Data availability• Data availability represents timely and easy availability (i.e. at the necessary/required moment of time and within the necessary/required period of time that has been previously agreed upon) of data to authorised users (individuals or technical systems) during the required/agreed working time
Data integrity• Data integrity means ensuring the accuracy/completeness/up-to-date nature of data, authenticity of their origin and absence of any unauthorised modifications.
Data confidentiality• Data confidentiality means making data available only to authorised users (individuals or technical systems), while keeping them unavailable for all other entities.
What is three-level baseline security system for information systems (ISKE)?• An information security standard that is developed for the Estonian public sector.• One of the systems that is supposed to ensure the state information system• The preparation and development of ISKE is based on a German information security standard - IT Baseline Protection Manual (IT-Grundschutz in German), which has been adapted to match the Estonian situation.• ISKE has absolute nature – all the identified security measures must be applied to ensure compliance with ISKE.
ISKE or three-level baseline security system for information systems• Baseline security system – one set of developed security measures, which will be applicable to all information assets, regardless of their real security requirements. ISKE is based upon the German BSI baseline security system, which contains more than 1,000 security measures. The main disadvantage of the system is the implementation of an average set of measures to systems with different security requirements.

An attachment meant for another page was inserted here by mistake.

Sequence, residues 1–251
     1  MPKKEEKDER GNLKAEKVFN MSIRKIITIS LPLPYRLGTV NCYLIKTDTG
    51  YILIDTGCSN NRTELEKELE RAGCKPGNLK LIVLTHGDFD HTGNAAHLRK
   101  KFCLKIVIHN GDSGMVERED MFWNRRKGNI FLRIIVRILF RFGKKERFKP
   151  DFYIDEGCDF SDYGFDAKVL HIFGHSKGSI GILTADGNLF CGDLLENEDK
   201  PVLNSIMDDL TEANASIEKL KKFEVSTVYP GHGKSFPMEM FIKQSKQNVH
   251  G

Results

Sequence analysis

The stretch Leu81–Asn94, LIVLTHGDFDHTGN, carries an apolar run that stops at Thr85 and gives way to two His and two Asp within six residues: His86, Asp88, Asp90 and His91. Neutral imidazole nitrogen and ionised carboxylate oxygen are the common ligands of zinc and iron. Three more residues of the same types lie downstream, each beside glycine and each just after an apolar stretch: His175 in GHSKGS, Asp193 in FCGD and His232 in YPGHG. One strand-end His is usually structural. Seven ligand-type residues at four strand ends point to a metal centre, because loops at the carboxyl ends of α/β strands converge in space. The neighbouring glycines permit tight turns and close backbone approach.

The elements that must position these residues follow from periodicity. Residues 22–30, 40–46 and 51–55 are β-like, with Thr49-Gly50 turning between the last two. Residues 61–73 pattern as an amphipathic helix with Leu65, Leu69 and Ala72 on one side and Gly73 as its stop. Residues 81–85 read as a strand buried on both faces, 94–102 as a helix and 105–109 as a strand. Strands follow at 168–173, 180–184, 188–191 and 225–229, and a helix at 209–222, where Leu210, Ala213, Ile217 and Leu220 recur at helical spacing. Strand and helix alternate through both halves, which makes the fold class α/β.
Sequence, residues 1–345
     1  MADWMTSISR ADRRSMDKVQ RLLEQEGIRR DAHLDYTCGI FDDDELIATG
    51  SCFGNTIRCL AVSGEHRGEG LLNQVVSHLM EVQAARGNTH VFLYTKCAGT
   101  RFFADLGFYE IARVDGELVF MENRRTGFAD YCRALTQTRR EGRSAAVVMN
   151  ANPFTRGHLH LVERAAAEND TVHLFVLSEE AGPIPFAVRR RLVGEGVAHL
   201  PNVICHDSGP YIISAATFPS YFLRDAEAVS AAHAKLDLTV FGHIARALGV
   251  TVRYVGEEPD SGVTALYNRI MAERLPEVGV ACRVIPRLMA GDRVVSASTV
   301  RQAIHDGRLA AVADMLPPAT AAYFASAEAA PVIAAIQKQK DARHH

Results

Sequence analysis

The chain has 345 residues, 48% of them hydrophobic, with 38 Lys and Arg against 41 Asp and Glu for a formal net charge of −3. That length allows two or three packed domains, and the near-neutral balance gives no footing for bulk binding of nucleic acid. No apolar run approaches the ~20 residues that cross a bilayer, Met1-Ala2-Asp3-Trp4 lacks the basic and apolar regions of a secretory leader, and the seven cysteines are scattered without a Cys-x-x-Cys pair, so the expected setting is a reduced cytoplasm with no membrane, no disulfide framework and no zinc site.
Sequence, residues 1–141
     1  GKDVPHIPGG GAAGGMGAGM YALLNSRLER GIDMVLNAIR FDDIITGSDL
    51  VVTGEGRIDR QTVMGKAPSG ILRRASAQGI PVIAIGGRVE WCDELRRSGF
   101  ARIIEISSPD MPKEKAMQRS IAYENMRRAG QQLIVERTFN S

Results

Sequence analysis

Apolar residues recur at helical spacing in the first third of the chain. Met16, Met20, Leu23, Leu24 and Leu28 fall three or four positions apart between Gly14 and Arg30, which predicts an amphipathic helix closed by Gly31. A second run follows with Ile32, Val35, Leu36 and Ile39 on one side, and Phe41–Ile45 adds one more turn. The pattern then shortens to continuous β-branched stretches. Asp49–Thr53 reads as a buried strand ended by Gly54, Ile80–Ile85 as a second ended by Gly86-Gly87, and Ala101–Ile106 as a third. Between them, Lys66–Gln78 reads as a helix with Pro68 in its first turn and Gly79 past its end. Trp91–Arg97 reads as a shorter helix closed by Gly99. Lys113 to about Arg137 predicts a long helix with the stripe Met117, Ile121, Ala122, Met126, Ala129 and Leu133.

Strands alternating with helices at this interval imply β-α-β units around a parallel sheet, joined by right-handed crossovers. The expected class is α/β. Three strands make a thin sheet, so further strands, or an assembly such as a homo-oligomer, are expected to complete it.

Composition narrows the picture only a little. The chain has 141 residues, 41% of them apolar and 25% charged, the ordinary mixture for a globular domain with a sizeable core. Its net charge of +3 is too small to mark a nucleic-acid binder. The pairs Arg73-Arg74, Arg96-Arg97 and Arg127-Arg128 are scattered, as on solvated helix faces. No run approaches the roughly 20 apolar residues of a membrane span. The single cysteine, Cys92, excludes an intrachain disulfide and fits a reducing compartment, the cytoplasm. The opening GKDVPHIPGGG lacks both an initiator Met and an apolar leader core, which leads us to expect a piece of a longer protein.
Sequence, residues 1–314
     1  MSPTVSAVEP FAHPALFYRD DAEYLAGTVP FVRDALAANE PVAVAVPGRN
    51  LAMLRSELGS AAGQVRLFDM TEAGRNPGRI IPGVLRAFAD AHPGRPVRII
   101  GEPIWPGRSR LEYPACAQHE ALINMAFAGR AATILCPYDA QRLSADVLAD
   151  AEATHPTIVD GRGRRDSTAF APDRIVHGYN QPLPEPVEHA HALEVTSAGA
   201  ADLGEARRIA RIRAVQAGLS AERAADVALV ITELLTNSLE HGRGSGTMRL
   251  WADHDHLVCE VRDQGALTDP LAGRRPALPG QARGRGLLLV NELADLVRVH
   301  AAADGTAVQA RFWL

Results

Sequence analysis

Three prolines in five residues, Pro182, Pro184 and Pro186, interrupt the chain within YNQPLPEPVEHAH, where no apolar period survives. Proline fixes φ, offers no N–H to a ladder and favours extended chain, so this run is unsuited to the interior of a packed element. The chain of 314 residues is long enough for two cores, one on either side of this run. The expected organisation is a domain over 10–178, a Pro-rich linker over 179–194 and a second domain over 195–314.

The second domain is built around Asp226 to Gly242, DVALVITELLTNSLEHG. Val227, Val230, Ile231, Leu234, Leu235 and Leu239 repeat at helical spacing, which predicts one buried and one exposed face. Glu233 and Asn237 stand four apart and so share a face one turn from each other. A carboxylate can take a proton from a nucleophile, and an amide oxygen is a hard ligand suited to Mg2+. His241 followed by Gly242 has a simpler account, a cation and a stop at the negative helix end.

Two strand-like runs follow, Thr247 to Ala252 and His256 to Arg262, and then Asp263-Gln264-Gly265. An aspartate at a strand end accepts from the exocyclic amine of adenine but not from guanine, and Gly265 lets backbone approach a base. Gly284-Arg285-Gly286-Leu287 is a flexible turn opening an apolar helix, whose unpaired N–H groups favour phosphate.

ISKE or three-level baseline security system for information systems• Three-level baseline security system – three different sets of security measures for three different security requirements have been developed (different databases and information systems may have different security levels). Compared to the one-level baseline security system this version is more accurate (economic), while being more inaccurate, compared to detailed risk analysis.
Identifying the security level of information assets for ISKE
ISKE or three-level baseline security system for information systems• The levelled baseline security system is more economical, as there is no need to exercise expensive security measures on data with limited security requirements.• Additional expenses on data and information system analysis and for outsourcing the required set of security measures will be applicable to the implementation of a security system of different levels.
Legislation for the implementation of ISKE• The terms and conditions for auditing the implementation of are established by the Regulation of the Government of Estonia
Hannes AstokE email@example.comM +372 5091366S hannesastokW www.ega.ee